When in Civil 3D going to Map > Image > Insert and choose any image file. I got the following error:
Cannot open Frame
Date: Mar 13 2008
Line: 221

The answer from the folks at AutoDesk support:

Hi Louisa,

The issue that you are having is a known issue with the Map functionality on a 64-bit operating system. You can find this documented in the Readme file.

Unfortunately, if you do not have Raster Design installed (not just the Raster OE) your only other option is to insert an image into your drawing is to use the Add Raster Image or Surface Connection from the Map Task Pane:

  • At the command line type MAPWSPACE
  • Select the Data icon on the Task Pane
  • Select the Connect to Data... option
  • Select the Add Raster Image or Surface Connection option and the connection a name
  • From the Source file or folder, browse to the directory that contains the imagery and connect
  • Select the image(s) that you want to add from the list and select the Add to Map button

This should allow you to at least get the imagery into your drawing. I hope this helps.

Read the readme? Josh, you are too funny.
I guess I'll bite the bullet and install Raster Design 2009 now.

Friday, May 09, 2008

Getting to Know Me

I've thought to myself it might be a good idea to tell the world about me and why anyone should give a hoot as to what I say. The following is my biography in the context of engineering and computing.

I was born in Milwaukee, WI. My dad is a chemical engineer with a dissertation in progress in management information systems. My mom has an art degree and is a killer cook. I have three sisters; the oldest is a biomedical engineer who works for a large pharmaceuticals firm, the second oldest is a chemical engineer/patent lawyer and my youngest sister is a linguistists teacher currently living in the Czech Republic.

In middle school we used Apple II's and played with a little program called Turtle graphics. I thought this was a blast and was hooked.

At home my dad was a huge influence on my desire to play with computers. Dad taught C at the local university in addition to his day job as a system engineer at Allen-Bradley. Our basement was filled with musty punchcards and punchtape. My sisters and I used to scoop out the punches from the tape machine and have confetti fights with it. At night mysterious squeaky noises emanated from dad's home office (his 750 baud modem) and he typed away in the amber glow of his VAX terminal. When I was about 8 years old he brought home a "portable computer" with a built-in keyboard. Dad taught me how to make a simple "Hello World" program on that thing in what I *think* was FORTRAN 77.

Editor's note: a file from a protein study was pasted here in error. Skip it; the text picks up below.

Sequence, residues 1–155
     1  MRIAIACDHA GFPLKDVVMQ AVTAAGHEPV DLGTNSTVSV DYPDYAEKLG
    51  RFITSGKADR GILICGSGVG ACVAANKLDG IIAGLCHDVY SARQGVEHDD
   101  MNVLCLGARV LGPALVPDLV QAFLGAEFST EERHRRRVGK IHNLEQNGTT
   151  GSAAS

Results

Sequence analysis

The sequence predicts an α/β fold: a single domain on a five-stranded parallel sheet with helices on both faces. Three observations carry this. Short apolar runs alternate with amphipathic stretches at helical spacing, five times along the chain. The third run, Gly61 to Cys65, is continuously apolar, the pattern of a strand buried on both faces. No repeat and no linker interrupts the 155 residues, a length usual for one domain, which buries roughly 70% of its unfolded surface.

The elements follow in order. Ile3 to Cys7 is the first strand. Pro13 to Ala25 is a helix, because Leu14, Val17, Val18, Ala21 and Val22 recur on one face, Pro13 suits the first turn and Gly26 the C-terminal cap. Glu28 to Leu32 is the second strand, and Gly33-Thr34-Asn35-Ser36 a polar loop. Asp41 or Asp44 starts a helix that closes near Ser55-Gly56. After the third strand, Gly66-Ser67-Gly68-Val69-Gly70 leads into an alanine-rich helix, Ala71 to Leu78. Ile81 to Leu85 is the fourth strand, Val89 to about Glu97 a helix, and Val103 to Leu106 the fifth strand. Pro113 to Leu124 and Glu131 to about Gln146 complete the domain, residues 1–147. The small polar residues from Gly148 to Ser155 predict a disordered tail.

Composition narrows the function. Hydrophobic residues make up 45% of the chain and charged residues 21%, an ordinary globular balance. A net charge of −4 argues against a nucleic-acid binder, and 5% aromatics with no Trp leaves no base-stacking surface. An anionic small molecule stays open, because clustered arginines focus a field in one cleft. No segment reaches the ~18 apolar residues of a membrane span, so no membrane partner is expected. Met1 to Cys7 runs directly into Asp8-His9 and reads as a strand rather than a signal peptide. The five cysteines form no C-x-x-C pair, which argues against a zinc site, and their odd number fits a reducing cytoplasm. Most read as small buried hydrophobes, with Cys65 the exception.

In 1985 we got our first Mac. I spent hours on hours playing with MacPaint. After a while I discovered Hypercard, which I used to make my own "Choose you own adventure" stories.

My dad, being the original early adopter, had a Commodore 64 and an Atari gaming system hooked up to our living room TV. Everyone in the house knew how to operate these, except for my mom. She often encouraged us to play outside but we were much more into playing Asteroids.

Fast forward a few years to high school. 1991: I send my first ever email to my then boyfriend who was away at math camp. It was probably the least steamy love-letter in the world, since I used my dad's email account to send it. All my friends were either Goths, geeks or both.

Ahh. Then college. I picked UW-Platteville becuase it had the right combination of being in-state (read: "cheap"), having an engineering program and being as far as you can be from my parents and still possess the aforementioned qualities. On a whim I walked into the computing center and asked around if they were hiring student workers. As luck would have it, I ran into a woman who was trying to set up a new help-desk to serve faculty and staff. I was one of the first few students hired for the job and worked there for 4 years.